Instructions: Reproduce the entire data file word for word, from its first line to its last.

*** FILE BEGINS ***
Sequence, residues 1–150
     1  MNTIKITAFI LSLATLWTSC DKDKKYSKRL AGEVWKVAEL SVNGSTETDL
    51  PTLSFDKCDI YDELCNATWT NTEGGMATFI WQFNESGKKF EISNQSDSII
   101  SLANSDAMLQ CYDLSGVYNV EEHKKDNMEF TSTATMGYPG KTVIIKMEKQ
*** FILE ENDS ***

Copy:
Sequence, residues 1–150
     1  MNTIKITAFI LSLATLWTSC DKDKKYSKRL AGEVWKVAEL SVNGSTETDL
    51  PTLSFDKCDI YDELCNATWT NTEGGMATFI WQFNESGKKF EISNQSDSII
   101  SLANSDAMLQ CYDLSGVYNV EEHKKDNMEF TSTATMGYPG KTVIIKMEKQ